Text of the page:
Hum Aapke Hain Koun completes 25 years: How a wedding video-like film changed Bollywood
“How sad and bad and mad it was - but then, how it was sweet,” wrote the English poet Robert Browning, reflecting on nostalgia. It is also how the cult of Hum Aapke Hain Koun (HAHK) can be described, which came out on August 5, 1994. Yes, 25 years ago.
Millennials may now find it outdated and archaic, but back then Hum Aapke Hain Koun starring Madhuri Dixit and Salman Khan was ‘the cool film’ and a game-changer for Bollywood. It was a reworked, ‘modern’ version of Rajshri Production’s own 1982 blockbuster, Nadiya Ke Paar, adapted from Keshav Prasad Mishra’s novel, Kohbar Ki Shart, a defining film about a sanskari family whose members are willing to sacrifice their happiness for the greater good.
There was an interesting role-reversal too. In Hum Aapke Hain Koun , the heroine -- played by Madhuri Dixit -- was spunky and the hero -- essayed by Salman Khan -- was shy. But sanskari ladka-ladki never kiss and the romance now feels dry.
After reviving the fortunes of Rajshri Productions with Maine Pyar Kiya in 1989, director Sooraj Barjatya took five years to come up with Hum Aapke Hain Koun. In retrospect it’s evident that he had not just planned a game-changer in terms of filmmaking (more than three hours long, a wafer-thin plot, no fight, no conflict, no villain) but had also strategised about distribution in ways that changed the Indian family’s film-going experience.
Those were the days when there was little excitement in going to theatres that were worn down with time, with little hope of resurrection. Families preferred watching films on video, as the theatres had stopped adding anything to the film-viewing experience. Almost all films had begun to be simultaneously released in theatres and on VHS. It was Sooraj Barjatya who revived the charm of the big screen.
In an intelligent move, he delayed the video release of Hum Aapke Hain Koun . He also decided to release the film in the new ‘Ultra Stereo Optical Sound’, for a better audio-visual experience. But most theatres did not have the systems in place for this. Barjatya refused to let them play Hum Aapke Hain Koun until they upgraded their theatres. Prior to its release, he even visited many single-screen theatres and asked them to revamp their seedy washrooms for the comfort of families.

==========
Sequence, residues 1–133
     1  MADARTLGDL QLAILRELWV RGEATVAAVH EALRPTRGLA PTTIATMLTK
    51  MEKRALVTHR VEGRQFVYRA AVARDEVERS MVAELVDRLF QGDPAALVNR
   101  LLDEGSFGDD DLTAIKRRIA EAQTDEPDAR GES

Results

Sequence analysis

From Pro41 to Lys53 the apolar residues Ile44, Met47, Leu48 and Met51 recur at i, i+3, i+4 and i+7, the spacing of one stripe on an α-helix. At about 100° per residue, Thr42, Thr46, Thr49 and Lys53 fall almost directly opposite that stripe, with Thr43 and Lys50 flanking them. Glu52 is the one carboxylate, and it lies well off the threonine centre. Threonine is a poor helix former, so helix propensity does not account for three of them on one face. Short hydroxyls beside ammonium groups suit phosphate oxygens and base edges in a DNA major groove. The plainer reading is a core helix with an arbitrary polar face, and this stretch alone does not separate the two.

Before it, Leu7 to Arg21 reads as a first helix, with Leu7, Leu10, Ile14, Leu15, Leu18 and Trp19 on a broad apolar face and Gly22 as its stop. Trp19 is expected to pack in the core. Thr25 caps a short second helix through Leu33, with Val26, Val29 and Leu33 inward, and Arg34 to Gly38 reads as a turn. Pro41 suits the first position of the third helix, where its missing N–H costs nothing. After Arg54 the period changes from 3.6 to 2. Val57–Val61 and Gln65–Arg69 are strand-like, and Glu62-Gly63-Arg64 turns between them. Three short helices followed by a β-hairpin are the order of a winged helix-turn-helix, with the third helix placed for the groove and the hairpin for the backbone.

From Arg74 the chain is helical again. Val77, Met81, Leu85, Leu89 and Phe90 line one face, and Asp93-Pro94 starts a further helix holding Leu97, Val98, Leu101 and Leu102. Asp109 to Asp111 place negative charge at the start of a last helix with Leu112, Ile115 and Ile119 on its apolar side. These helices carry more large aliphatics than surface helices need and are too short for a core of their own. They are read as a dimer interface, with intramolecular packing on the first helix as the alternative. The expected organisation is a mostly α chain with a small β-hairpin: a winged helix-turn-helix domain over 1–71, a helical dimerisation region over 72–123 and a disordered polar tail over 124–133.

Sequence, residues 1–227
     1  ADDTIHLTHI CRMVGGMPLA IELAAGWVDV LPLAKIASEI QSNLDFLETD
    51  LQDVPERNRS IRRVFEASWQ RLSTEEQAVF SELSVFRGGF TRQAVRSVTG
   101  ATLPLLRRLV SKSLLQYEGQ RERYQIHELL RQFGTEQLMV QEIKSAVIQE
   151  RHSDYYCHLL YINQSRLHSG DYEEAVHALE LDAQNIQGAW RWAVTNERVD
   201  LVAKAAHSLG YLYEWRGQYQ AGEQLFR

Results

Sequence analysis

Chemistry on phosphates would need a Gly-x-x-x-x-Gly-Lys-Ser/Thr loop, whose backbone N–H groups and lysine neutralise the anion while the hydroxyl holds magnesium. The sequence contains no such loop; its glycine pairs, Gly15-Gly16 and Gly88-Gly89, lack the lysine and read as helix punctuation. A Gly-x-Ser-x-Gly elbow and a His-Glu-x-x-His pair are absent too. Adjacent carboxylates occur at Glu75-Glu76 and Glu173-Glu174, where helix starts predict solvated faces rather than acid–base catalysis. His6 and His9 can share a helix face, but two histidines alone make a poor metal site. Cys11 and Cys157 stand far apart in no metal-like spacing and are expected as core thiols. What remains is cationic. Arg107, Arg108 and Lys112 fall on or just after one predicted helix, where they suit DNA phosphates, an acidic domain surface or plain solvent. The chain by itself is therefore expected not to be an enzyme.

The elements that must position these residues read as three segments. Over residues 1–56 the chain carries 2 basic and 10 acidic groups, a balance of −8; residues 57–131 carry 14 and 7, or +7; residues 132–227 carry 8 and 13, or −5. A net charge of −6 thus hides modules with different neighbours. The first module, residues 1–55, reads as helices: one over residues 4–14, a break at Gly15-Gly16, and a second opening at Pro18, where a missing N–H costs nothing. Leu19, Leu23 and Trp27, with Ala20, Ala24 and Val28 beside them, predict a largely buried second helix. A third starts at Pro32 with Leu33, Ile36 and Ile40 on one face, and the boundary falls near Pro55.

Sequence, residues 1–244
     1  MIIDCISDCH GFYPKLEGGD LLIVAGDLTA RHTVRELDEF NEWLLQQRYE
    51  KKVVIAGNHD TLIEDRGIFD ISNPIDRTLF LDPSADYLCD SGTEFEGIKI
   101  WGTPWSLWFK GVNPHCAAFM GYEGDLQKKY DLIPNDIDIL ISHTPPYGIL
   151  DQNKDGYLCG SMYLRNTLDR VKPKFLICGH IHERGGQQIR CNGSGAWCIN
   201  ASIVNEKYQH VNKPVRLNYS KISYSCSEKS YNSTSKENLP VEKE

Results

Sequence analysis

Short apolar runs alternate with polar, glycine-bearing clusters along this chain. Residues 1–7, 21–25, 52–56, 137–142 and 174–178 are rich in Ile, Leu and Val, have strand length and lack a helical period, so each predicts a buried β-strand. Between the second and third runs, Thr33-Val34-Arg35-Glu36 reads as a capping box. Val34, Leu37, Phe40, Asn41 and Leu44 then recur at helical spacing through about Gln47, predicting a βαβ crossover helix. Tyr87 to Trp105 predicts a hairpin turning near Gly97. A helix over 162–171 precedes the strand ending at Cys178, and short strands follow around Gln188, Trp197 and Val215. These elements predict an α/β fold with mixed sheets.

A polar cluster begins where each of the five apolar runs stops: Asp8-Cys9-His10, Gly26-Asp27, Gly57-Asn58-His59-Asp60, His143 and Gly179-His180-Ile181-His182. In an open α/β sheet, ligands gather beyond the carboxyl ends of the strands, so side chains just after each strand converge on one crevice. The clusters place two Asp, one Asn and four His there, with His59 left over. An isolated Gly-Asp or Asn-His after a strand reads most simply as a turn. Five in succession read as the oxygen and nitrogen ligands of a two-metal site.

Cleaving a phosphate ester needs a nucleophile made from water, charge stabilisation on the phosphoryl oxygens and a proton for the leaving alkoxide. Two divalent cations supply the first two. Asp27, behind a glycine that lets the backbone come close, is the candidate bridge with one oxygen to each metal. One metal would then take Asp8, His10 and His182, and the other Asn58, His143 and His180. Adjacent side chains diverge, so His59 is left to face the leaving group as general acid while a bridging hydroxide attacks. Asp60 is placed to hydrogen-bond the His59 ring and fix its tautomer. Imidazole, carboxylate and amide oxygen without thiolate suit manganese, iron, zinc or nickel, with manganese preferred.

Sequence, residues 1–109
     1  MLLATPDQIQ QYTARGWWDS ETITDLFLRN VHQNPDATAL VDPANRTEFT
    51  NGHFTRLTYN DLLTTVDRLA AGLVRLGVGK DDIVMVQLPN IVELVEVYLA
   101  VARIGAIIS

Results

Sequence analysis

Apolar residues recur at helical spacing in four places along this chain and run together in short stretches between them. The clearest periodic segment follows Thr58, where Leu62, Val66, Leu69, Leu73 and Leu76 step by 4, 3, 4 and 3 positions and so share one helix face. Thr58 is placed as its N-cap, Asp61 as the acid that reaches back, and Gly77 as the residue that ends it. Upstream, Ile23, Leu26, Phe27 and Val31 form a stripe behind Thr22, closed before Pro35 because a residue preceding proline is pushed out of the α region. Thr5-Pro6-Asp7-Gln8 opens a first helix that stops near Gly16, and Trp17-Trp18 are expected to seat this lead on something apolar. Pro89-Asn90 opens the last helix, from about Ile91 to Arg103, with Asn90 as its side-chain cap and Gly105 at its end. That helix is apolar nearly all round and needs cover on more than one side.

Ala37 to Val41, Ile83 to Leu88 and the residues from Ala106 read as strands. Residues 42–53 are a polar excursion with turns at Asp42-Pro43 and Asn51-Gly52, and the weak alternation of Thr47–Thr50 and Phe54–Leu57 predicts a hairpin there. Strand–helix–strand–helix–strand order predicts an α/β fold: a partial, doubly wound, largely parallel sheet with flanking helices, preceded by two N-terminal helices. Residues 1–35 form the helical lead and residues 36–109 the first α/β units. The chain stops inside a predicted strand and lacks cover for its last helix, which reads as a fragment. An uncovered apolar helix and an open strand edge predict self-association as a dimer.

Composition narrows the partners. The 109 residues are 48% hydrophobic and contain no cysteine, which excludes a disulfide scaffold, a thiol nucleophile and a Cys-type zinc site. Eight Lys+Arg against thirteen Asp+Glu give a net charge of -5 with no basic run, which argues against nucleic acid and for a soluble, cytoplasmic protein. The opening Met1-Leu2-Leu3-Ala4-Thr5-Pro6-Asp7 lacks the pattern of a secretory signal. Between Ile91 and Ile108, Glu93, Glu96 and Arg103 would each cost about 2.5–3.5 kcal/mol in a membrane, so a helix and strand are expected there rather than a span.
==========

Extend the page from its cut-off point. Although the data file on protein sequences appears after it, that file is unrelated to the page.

They initially released the film with a limited number of prints. He wanted the film to grow through word of mouth. It did. With Hum Aapke Hain Koun , he hit the bull’s eye in many respects.
After Maine Pyar Kiya, Salman played a Prem again, but the film belonged to Madhuri Dixit. Her shimmering purple sari, backless blouse and kundan jewellery became a craze among women and was replicated at a million weddings of the time. From ‘Didi tera devar deewana’ and ‘Mausam ka jadoo’ to ‘Maaye ni maaye’ and ‘Wah wah Raamji’, Madhuri as Nisha was flawless.
Then there was the Pomeranian Tuffy, who had the most well-defined role and more intelligence than the entire khandaan put together. He was the coolest dog ever, playing cricket umpire, Cupid, confidant; he owned the climax by delivering the crucial letter in the final scene, so that things were finally sorted out within the family.
The India of the 1990s easily bought this wedding fantasy. We were convinced that weddings are supposed to or should be like the one in Hum Aapke Hain Koun , with didi ka devar, dulhe ki saaliyaan, joota churai and samdhi-samdhan glances. And I know at least four families who named their dogs Tuffy.
Initially, critics dismissedHum Aapke Hain Koun as a super-long shaadi ka video. One of them even called it ‘fourteen songs, two weddings and a funeral’. But the movie’s simple emotions and the family theme took the nation by storm. The big fat Indian wedding became a recurring theme in movies for years, inspiring filmmakers like Aditya Chopra, Karan Johar and Sanjay Leela Bhansali, who borrowed the style and emotions and garnished them with more sophistication in many of their films.
One may not be dazzled by the technical aspects of Hum Aapke Hain Koun anymore, but there are parts of the film where the emotions still ring true. It changed the face of the Hindi film business and brought the great Indian middle class back to the theatres, paving the way for the multiplex culture of today.